Wednesday, October 07, 2015

1st Formative Submission: Critical Reviewing of Two Texts II; or, Vertigo in the Virtual Library

Blimey. Only a few days into the EdD, and I'm beginning to feel stretched. In an expected way: the way one feels stretched as a new undergraduate, or Masters student. Getting overlap between study and work, I'm using background reading for a report into test performance of the first biggish cohort of learners (n=529) to also cover the critical-review task. 

Which has given me a reason to closely read Tienken, C (2012), and How Next-Generation Standards and Assessments Can Foster Success for California’s English Learners, (2011).  (The former a peer reviewed academic paper, the latter a policy document, as required for the EdD formative submission). 

The vertigo comes in with the realisation that critical reading of these documents takes a lot more time and effort, and involves peering under rocks or up into the branches of familiar trees, and taking a second and third look. 

For example, Tienken (2012) is published in one of the journals of an educational organisation which boasts more than a million members, of whom I'd never heard before, and whose wikipedia entry has not been subjected to any critical input, it would appear; (and there's the likelihood that an "honor society" is a positive organization, despite the fact it sounds slightly anachronistic, not to say odd, to my ears). Nevertheless, I'm now obliged to think, "What's their angle, then?" 

Ditto for the How Next Generation Standards... paper, which references the SMARTER Balanced Assessment Consortium (SBAC) which I hadn't heard of until this week - perhaps working in Assessment, often with American academics, I should have. So I've got to spend a bit of time investigating what their angle might be, also.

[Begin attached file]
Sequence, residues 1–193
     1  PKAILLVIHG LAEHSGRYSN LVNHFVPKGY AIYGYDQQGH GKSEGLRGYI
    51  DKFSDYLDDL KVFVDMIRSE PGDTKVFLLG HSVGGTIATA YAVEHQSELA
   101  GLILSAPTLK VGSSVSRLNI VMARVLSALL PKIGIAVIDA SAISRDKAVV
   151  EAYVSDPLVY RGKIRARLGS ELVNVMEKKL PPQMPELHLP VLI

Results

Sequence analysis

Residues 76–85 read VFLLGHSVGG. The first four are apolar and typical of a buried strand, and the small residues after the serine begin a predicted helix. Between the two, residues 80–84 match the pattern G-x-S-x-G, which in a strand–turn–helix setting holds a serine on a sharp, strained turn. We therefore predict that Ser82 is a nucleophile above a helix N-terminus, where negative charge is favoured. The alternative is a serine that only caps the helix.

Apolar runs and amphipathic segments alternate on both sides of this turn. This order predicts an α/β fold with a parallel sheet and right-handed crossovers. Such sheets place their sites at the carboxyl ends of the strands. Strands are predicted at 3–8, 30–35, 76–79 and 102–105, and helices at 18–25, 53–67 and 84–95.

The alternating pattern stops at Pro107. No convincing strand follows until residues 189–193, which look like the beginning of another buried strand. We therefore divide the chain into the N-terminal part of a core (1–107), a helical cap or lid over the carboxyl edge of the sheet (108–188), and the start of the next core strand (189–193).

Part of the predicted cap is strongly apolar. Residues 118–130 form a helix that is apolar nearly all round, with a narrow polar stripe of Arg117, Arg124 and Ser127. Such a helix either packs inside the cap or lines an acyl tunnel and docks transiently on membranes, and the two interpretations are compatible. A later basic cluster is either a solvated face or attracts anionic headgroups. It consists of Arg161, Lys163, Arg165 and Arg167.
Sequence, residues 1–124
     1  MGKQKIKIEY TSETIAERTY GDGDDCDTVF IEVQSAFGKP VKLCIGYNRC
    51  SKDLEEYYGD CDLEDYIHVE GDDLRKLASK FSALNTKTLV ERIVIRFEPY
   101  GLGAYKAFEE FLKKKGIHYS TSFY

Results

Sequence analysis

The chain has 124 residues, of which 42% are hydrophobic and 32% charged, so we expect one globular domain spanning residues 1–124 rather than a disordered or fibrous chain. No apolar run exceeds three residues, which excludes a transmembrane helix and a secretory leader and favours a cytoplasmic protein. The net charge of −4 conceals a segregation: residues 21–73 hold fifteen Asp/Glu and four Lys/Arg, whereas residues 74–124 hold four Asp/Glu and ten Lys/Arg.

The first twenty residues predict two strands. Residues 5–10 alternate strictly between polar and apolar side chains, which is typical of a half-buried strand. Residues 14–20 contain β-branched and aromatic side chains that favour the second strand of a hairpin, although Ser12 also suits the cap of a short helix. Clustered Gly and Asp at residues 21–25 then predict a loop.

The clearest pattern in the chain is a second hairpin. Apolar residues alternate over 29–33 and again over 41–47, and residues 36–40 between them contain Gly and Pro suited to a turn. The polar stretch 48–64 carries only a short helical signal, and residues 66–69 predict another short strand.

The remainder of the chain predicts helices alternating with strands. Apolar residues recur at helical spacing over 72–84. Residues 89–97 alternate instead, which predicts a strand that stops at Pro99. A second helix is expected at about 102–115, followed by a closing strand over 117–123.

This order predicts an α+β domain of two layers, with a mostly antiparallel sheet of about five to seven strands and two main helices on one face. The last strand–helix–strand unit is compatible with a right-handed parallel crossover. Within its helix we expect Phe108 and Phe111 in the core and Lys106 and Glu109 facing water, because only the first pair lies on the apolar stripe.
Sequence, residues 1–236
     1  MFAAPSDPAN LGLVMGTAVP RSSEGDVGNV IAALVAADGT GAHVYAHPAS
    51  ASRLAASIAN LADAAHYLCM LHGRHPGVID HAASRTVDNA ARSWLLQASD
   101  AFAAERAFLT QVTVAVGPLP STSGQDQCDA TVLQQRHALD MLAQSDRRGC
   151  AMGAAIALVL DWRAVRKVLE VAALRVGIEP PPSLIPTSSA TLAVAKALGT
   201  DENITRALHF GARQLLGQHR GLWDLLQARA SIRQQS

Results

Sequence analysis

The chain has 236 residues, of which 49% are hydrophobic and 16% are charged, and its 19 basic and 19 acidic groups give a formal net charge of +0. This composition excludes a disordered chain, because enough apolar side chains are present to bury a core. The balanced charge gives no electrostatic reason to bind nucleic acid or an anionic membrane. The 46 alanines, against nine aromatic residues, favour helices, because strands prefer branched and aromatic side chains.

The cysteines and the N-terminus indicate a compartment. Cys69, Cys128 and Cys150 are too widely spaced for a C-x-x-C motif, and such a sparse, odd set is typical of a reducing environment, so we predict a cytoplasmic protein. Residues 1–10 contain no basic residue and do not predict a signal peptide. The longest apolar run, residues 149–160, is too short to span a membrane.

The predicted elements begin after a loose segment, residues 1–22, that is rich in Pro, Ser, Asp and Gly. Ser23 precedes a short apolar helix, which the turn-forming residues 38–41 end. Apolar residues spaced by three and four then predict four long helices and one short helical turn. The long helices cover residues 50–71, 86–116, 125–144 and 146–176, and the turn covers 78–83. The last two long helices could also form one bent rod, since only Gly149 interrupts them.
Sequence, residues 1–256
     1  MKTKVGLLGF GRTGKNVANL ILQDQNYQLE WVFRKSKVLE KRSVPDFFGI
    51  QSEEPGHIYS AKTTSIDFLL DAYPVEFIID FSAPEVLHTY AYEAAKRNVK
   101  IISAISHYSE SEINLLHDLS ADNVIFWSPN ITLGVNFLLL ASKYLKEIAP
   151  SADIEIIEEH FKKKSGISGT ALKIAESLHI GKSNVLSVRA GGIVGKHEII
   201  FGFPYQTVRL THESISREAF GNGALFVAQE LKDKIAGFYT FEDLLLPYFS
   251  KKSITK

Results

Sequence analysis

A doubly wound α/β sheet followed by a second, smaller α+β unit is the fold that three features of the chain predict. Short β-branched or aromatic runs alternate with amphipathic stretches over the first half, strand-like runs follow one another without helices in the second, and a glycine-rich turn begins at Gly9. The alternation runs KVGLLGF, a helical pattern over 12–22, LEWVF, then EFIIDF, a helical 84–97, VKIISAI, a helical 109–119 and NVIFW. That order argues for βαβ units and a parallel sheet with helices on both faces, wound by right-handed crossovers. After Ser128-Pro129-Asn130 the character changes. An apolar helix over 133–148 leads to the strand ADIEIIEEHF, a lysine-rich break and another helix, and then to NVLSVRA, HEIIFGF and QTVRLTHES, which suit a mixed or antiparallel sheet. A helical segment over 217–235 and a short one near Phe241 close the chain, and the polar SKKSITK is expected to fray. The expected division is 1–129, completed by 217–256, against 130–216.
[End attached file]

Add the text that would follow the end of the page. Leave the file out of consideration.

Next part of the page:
This is all skill sharpening, as well as knowledge gathering. Which is just as well, because I'm beginning to wonder if the CCSS is the best arena for my research, I might be better off with Curriculum for Excellence and the SQA and their ESOL provision. But that's not a decision for now. 

Tuesday, October 06, 2015

"Can the Common Core State Standards English Language Arts be adapted for the assessment of Chinese EFL learners? A preliminary investigation." FORMATIVE REFERENCE LIST

WORK IN PROGRESS - 2015.10.07

SEARCH TERMS [SUPrimo>articles and databases]

  • "common core state standards" AND English AND assessment AND EFL = 0 results
  • "common core state standards" AND English AND assessment NOT mathematics = 191, (76 full text online; 76 peer reviewed)
Bailey, A. and Carroll, P. (2015). Assessment of English Language Learners in the Era of New Academic Content Standards. Review of Research in Education, 39(1), pp.253-294.[largely concerned with national (US) structure of EL assessment, but some interesting off-topic details: (a) placement at K in US is assessed with 50/50 Speaking/Listening domains. California tests Reading & Writing but only given weighting of 5% each. (b) EG Illinois uses WIDA MODLE Assessment, (Grade specific).]